Robert King Carter's Correspondence and Diary

   A Collection Transcribed
        and Digitized
   by Edmund Berkeley, Jr.

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Electronic Text Center , University of Virginia Library



Letter from Robert Carter to William Cage, Esqr., June 30, 1724

     Robert Carter writes to the trustee of the Fairfax estate,William Cage, of County Kent, England, June 30, 1724, concerning the possibility of obtaining a new lease of the agency of the Northern Neck proprietary. He observes that he makes no money at all from his lease because rents, when he can collect them, are paid in tobacco the value of which is very low, and which rents are further devalued by cheating tax collectors and planters who falsely mark tobacco casks which they fill with "trash."

Letter from Robert Carter to William Cage, Esqr., June 30, 1724

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Rappa [hannock, Lancaster County, Virginia]
June 30th. 1724


     I have already given you the trouble
of a long letter to day [sic ] this please to receive in answer to
some other parts of your letter you tell me you are ready
to treat with me for a further lease I have accordingly im=
powered Mr Perry to transact it with you for eight or ten
years longer if his Lordship and you think fit not in expec=
tation of living through that time but in hopes my son
may be able to serve you after my death. I flatter my self [sic ] you
will be so generous you will abate me the odd twenty pound
per Annum which was more than Colonel Jennings gave, you
know the fate he has met with in your business a consi=
derable part of his ruin is owing to it I can truly say I do
not get the money by your estate I give you for it and all the
trouble I have been at in the management of it which is abunda nce
has been thus far entirely given away, my greatest hopes
are of some time or another meeting with a hit for Tobacco that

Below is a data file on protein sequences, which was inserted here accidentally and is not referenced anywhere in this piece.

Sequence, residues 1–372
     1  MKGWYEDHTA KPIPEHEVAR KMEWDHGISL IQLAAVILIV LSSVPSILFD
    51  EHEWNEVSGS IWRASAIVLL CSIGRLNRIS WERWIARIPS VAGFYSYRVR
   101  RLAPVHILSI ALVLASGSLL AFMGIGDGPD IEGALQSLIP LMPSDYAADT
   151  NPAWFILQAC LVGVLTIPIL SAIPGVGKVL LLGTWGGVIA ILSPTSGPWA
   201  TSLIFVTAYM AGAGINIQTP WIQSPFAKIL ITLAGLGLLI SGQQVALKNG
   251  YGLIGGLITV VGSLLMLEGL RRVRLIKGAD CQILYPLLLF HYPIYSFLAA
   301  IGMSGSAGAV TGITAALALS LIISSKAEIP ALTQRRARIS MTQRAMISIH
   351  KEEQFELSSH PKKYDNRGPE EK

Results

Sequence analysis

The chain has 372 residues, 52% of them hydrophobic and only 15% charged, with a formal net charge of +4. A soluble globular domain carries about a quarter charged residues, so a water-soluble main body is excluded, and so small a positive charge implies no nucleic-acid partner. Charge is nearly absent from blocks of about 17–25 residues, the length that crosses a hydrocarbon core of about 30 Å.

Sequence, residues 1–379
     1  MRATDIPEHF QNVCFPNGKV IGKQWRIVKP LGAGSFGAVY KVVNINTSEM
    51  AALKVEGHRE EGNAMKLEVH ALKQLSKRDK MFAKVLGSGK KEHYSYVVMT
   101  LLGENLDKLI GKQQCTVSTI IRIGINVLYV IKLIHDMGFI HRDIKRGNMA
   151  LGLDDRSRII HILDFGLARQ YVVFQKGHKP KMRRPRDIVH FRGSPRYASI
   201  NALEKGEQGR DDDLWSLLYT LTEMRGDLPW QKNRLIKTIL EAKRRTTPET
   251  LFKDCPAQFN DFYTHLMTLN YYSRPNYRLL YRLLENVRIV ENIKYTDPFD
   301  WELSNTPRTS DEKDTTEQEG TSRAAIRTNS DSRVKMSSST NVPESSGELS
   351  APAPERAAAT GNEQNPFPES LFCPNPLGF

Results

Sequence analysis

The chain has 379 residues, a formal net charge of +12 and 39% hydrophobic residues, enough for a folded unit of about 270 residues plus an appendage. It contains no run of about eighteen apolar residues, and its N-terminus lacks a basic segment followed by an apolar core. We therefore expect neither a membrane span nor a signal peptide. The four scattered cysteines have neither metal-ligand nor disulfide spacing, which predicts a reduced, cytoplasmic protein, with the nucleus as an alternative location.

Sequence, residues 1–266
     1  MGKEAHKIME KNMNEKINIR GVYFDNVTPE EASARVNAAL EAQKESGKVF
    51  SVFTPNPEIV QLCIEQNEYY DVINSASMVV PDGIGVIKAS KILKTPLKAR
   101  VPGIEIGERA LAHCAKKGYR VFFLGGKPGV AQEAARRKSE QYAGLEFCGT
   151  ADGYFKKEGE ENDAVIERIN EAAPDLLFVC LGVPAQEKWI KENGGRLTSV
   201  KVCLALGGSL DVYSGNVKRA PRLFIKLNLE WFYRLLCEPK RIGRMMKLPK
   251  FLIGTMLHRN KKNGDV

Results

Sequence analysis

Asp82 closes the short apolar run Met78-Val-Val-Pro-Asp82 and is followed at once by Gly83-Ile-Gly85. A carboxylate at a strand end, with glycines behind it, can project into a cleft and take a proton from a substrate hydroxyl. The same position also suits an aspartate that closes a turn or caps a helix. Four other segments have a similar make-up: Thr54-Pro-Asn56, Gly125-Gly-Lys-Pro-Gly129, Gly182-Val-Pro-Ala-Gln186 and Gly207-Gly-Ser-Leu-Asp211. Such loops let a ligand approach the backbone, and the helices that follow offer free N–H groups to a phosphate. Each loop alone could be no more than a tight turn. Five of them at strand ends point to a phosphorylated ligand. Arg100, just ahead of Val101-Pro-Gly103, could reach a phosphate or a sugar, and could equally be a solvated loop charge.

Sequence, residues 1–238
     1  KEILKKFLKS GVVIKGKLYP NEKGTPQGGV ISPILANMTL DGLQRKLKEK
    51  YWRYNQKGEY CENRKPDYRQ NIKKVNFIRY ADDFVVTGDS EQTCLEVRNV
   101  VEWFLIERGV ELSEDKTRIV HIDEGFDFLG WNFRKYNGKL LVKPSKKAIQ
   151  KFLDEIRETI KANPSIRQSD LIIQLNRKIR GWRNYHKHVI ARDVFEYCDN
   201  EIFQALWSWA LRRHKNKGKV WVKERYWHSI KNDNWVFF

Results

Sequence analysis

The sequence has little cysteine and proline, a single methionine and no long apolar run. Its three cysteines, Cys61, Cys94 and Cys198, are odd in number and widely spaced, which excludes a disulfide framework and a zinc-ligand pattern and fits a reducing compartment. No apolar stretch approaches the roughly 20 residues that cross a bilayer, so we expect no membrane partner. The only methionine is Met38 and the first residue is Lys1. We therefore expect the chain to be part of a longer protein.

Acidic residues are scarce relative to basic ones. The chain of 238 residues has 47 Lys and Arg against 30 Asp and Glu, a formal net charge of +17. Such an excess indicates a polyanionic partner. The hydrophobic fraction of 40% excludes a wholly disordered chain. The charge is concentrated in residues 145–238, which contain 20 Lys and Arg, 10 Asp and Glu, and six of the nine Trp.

may make me amends.

     I have said a great deal to you to convince you of
my hard bargain; Mr Perry pretty well knows the
circumstances of the affair the poor value of the Tobacco your
rents are paid in the great difficulty & charge of getting
it together the baseness & frauds of Collectors & officers the
cheats of the Planters in paying away their trash & false
tareing their Cask add to all this the great quantities of
land that are still unppaid for which I have yet been
able to get no rents from and am as far from doing
of it as I was the first hour I was concerned. If you
will please to consider all these things and discourse
them freely with Mr. Perry I think he will be

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able to satisfy you that I have but a sour bargain of
it and yet I have the vanity to think that no other
person in your territory can do so well with it as I
do. I Shall leave all these things to your deliberation
and conclude


Your most humble

and Most Obedient Servt:



Source copy consulted: Fairfax Papers, BR 227, Folder 20, Huntington Library, Art Collections, and Botanical Gardens, San Marino, California. Printed: Wright. Letters of Robert Carter. . . . pp. 113-14.

Robert Carter generally used a return address of "Rappahannock" for the river on which he lived rather than "Corotoman," the name of his home, on his correspondence, especially to persons abroad. The county and colony have been added for clarity.

There are two recipient's copies of this letter. The conjoined address leaf of the text above reads: "To | Wm. Cage Esqr | At Milgate | In the parish of Bearshed | In the County of | Kent | per The Prins. Carolina | Capt. Holladay." It is endorsed in Cage's handwriting, "June the 30th 1724 | Coll Carter." The second is marked "Copy" at the foot and is dated July 9, 1724. Its address leaf reads "To be left with Mr. Micajh. Perry | LONDON Per the Spotswood | Capt. Bagwell." Both copies are signed by Carter (indicated by the use of bold italics) and sealed with his arms.

[1] The tare weight is the weight of the container "that is deducted from the gross weight to obtain the net weight" of the product held in the container. ( The American Heritage Dictionary of the English Language, 4th ed., Houghton Mifflin Company, 2000. Updated in 2009. Quoted online by The Free Dictionary, 9/13/2011.)

This text, originally posted in 2002, was revised September 12, 2011, to strengthen the modern language version text.